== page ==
One of foreign exchange traders' favorite rules of thumb hasn't been working too well.
Currency pairs tend to loosely track the difference between yields on the two nations' short-term sovereign bonds, often the two-year maturity. But that axiom would've impoverished anyone trading the Japanese yen against the U.S. dollar this year:
Societe Generale SA Global Strategist Kit Juckes puts his finger on how the forex game has changed in a recent note to clients. The world's reserve currency is being driven not by nominal yield differentials but real ones; that is, interest rates adjusted for inflation.
This isn't a new phenomenon, he observes, but rather the re-establishment of a relationship that's proven more reliable over the long haul.
The correlation between 10-year Treasury Inflation-Protected Securities and the Federal Reserve's real U.S. dollar trade weighted index is stronger than relationships between real yields and the nominal dollar index or nominal dollar index and yields, Juckes notes:
"The best starting point when we want to think about long-term currency trends is to think about real exchange rates and real bond yields," he wrote.
The return of real yields as a driver of the greenback is a consequence of the long period of zero and negative interest rate policy across the major G3 central banks.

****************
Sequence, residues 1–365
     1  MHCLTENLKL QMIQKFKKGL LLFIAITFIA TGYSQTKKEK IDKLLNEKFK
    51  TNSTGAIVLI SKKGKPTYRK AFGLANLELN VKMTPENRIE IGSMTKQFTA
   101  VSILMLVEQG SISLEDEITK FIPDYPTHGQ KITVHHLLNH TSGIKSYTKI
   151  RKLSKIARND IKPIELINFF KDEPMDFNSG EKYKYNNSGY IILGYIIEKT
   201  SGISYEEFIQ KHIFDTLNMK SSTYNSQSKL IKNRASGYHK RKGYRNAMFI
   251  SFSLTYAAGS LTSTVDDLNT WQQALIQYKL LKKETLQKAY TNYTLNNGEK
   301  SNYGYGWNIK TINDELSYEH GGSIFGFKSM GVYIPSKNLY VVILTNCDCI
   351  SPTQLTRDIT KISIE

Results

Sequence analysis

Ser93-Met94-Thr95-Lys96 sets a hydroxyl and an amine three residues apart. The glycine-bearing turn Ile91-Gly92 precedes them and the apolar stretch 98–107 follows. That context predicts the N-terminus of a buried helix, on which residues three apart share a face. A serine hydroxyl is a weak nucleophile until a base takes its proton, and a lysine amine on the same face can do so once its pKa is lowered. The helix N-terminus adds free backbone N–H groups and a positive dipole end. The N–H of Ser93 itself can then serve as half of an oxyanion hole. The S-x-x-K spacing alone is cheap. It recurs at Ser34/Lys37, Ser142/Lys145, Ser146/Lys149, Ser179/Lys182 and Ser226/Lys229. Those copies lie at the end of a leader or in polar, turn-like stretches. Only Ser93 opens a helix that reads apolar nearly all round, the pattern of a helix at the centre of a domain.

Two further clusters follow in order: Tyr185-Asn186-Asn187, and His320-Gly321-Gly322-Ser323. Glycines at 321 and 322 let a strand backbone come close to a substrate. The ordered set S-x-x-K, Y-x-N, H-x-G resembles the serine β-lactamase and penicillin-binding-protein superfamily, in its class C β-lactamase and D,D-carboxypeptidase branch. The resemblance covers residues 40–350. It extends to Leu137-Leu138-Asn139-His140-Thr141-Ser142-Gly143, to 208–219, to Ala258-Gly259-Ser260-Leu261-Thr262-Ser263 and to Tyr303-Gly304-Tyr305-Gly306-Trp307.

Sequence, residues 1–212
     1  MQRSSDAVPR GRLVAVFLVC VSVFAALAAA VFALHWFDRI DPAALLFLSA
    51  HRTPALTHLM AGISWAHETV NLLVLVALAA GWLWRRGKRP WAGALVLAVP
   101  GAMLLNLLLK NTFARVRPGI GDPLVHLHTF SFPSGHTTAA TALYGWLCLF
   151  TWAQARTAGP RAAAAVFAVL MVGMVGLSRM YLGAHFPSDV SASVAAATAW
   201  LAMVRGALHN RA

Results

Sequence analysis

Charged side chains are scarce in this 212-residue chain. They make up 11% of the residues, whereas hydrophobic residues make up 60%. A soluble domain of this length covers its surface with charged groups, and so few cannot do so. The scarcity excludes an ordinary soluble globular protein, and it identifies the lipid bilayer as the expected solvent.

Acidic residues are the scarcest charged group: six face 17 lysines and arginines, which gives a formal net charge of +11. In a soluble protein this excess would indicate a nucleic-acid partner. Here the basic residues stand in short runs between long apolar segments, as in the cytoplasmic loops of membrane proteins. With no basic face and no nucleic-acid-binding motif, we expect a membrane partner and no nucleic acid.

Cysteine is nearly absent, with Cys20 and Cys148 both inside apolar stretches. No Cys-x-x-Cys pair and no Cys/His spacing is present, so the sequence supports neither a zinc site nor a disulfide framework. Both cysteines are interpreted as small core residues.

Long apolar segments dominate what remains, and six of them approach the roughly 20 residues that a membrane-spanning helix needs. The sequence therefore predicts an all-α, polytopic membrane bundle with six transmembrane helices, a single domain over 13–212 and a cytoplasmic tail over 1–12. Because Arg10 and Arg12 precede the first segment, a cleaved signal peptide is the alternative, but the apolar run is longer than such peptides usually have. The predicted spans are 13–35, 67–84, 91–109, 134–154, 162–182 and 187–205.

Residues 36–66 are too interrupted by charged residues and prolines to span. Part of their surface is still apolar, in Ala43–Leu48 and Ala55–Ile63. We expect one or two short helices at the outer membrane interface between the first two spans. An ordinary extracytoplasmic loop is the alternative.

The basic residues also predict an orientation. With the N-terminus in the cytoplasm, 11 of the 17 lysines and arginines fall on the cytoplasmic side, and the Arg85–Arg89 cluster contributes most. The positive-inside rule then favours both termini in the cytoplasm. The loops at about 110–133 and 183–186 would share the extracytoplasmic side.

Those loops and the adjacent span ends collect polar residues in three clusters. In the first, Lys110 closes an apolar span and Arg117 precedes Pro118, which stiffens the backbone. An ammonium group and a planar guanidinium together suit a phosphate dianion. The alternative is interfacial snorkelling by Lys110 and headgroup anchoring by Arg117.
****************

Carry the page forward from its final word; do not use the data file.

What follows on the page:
"What’s important now is that with rates so low, there’s more information in long-term than short-term rates, and real rates matter more because nominal ones can’t move that much," the strategist wrote in an email. "Inflation expectations can move more."
An extended span of central bank stimulus has left short term nominal rates especially sticky relative to longer-term real rates, asserts Juckes.
Even in the aftermath of liftoff from the Federal Reserve, U.S. real rates have been collapsing—a trend that explains the drop-off in the U.S. dollar spot index (DXY) over the past three months:
This decline has left the U.S. dollar index "perilously close to key technical support," says Juckes, which if breached, will effectively constitute a bear market for the greenback.
For the greenback to find its wings once again, other central banks will need to find a way to put more downward pressure on real rates in their respective economies, according to the strategist.
"What it means: the Fed is not the dollar’s friend," concludes Juckes. "A stronger dollar only comes when others get their real rates/yields lower, and over the last three months, U.S. real yields have fallen by more than in other major economies and indeed, Japanese real yields have risen."